I have lived my whole life in Boulder, Colorado, a predominantly Caucasian and relatively affluent town. Despite this, the elementary school I attended between 2nd and 5th grade, Columbine Elementary, was 85% Latino. My first year at the school was the strangest for me, as I had to adjust to not only being surrounded by people of a different culture from mine, but for the most part people of a different socioeconomic status. I learned quickly enough though, and the rest of my years at Columbine were much more comfortable. I had been learning Spanish since kindergarten, and I continued learning it through elementary school and beyond. This Spanish education made it even easier to fit in at Columbine, and I regularly spoke Spanglish with my Latino peers. The majority of my friends who I saw outside of school were white like me but this did not make them any more or less close to me than my Latino friends at school. I made friendships at Columbine that I still have today, friendships that exposed me to a whole new world of culture. I went to Latino birthday parties, ate true Mexican food, and played loads of soccer during recess. I spoke Spanish that surprised children my age when I traveled to Mexico, and understood at a very young age the process of unspoken segregation caused by catchment area boundaries that had caused Columbine to be so heavily Latino. I learned what privilege was, and instead of finding it weird how diverse my school was, I found it weird that other Elementary schools were so white. I experienced first-hand how happy people can be with much less money than the majority of Boulder’s citizens. Not only did attending Columbine teach me about Latino culture, but it made me much more adept at absorbing and appreciating all cultures. This appreciation helped me when my family traveled to Spain for two months, when we had a Norwegian exchange student stay at our house, when I visited Jamaica, and even helps me now when I interact with my family’s close British friends. It makes me much more open to new ideas and new customs, which are some of the most intriguing things in the world to me. I consider myself proficient in Spanish and Latino culture, and I have learned to love to travel and learn about others. In all, I think my experience at Columbine made me a much more versatile and compassionate person. It has caused me to want to travel and learn about as many cultures as I can during my life.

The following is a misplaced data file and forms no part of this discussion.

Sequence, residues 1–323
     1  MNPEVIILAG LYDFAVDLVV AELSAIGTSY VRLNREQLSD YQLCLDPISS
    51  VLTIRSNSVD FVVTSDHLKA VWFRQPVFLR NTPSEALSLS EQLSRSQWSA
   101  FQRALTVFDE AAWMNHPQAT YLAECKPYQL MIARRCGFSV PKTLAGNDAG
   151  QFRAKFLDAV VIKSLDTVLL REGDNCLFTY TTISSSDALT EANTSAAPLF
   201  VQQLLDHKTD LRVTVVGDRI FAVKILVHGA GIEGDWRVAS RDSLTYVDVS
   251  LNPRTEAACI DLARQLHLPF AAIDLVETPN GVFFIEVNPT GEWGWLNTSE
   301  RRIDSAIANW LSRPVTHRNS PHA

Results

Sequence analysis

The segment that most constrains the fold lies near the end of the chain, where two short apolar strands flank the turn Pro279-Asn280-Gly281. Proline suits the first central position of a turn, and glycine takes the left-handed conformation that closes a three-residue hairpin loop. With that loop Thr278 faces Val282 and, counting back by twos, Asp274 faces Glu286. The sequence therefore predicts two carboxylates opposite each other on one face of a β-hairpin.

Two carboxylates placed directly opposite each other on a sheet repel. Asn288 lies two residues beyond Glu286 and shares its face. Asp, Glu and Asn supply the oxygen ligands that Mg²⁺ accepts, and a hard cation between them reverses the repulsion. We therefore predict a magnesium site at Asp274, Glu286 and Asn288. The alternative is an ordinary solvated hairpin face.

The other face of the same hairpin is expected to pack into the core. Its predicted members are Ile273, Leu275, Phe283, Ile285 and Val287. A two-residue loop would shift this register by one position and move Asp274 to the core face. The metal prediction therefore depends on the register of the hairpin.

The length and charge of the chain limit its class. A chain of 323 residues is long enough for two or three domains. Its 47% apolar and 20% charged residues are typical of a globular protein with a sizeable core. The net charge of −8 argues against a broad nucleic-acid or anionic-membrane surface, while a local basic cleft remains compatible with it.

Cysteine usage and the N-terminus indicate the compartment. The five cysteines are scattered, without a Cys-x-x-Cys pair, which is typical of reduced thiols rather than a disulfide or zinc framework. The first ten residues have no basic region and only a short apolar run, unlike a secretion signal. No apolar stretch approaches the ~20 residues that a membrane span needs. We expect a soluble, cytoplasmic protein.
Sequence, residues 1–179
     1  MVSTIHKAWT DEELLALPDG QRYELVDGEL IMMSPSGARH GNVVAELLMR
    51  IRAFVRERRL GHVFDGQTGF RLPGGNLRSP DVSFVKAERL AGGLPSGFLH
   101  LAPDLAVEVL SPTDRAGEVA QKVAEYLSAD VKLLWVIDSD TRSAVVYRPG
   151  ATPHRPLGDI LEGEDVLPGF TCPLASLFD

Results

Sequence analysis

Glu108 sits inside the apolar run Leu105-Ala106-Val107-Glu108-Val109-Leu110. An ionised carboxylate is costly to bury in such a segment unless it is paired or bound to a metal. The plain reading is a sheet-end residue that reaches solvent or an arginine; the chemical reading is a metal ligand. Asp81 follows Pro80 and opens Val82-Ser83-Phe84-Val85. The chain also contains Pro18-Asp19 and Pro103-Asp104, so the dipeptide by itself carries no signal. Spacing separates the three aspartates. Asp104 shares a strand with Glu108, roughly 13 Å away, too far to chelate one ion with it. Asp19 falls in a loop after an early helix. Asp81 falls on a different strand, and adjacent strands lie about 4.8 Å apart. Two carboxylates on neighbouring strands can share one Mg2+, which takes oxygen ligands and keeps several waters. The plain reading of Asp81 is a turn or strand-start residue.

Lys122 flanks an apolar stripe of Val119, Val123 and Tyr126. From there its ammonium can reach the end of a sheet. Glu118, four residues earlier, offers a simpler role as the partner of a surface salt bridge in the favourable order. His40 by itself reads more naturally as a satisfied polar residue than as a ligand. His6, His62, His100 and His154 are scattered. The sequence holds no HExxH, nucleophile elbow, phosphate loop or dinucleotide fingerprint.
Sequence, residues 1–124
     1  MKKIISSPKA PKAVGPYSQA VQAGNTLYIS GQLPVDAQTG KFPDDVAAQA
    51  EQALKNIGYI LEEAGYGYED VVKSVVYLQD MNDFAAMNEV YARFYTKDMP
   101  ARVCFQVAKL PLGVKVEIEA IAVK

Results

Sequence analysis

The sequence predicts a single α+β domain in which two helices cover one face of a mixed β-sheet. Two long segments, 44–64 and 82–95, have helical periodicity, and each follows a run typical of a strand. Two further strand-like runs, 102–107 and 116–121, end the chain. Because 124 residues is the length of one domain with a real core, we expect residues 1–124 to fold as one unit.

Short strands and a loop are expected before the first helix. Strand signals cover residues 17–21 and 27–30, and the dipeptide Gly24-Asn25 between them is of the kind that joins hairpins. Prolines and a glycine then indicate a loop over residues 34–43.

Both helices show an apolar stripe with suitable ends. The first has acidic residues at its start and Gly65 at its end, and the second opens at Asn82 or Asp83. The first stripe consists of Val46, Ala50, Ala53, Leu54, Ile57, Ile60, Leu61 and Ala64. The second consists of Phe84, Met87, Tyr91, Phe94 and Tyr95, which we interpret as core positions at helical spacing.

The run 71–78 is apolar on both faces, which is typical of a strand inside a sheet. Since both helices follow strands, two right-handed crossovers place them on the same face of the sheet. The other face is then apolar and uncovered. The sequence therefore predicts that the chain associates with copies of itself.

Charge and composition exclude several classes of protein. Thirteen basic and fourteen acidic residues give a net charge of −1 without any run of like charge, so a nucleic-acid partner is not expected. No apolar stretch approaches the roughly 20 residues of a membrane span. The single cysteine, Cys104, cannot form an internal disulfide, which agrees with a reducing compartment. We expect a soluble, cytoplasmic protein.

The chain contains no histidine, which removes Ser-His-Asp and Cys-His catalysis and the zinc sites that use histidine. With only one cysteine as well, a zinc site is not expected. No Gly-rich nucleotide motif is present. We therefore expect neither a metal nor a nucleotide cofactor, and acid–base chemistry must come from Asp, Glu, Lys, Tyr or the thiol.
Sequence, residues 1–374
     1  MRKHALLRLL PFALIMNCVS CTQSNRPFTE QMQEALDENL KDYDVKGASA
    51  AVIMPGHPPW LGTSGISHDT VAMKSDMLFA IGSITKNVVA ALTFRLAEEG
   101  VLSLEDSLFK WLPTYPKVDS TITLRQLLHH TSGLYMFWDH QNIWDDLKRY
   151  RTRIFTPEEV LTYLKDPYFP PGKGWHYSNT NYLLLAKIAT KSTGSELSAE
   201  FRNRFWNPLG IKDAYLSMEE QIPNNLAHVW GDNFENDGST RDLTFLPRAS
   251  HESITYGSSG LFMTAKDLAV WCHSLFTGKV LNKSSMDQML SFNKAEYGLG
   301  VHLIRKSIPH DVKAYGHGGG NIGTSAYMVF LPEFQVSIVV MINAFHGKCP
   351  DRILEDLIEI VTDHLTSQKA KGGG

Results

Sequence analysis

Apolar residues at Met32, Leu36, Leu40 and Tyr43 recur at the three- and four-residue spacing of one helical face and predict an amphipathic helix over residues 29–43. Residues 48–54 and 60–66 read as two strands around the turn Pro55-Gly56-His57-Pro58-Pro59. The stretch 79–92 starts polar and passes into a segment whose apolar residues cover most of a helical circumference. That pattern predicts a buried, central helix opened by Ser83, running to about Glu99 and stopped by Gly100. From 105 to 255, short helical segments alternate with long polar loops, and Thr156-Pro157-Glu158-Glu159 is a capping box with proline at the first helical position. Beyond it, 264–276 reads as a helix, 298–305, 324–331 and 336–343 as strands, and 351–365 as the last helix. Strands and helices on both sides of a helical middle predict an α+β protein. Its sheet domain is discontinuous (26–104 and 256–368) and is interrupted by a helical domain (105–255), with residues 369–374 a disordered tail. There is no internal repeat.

Message from Stan Garnett, District Attorney
Many of us in the law enforcement community, and in other Boulder County Agencies, have had residents contact us about fear of deportation, hate crimes, harassment, health care accessibility and other issues due to the tenor of recent political debate in the United States. This office’s Immigrant Protection Initiative (part of our Community Protection Division) first established in 2011, assures the protection under Colorado law of everyone in Boulder County, regardless of language spoken, immigration status, ethnic heritage, religious belief, LGBTQ identification or any other personal characteristic. Every human being in our county is protected by Colorado law. Over the last several years we have handled many cases, some through jury trial, as part of this Initiative. To remind everyone of the commitment of my office to these issues and to answer questions and explain procedures for reporting a crime, we will be hosting a Community Meeting on Tues., November 29, 5:30-7:00 pm, DIAGONAL COURT, 3265 30th St., Boulder (and other meetings later, in different places). The meeting will be in both English and Spanish and representatives from other Boulder County Agencies will be present to underscore Boulder County’s commitment to fair treatment of everyone.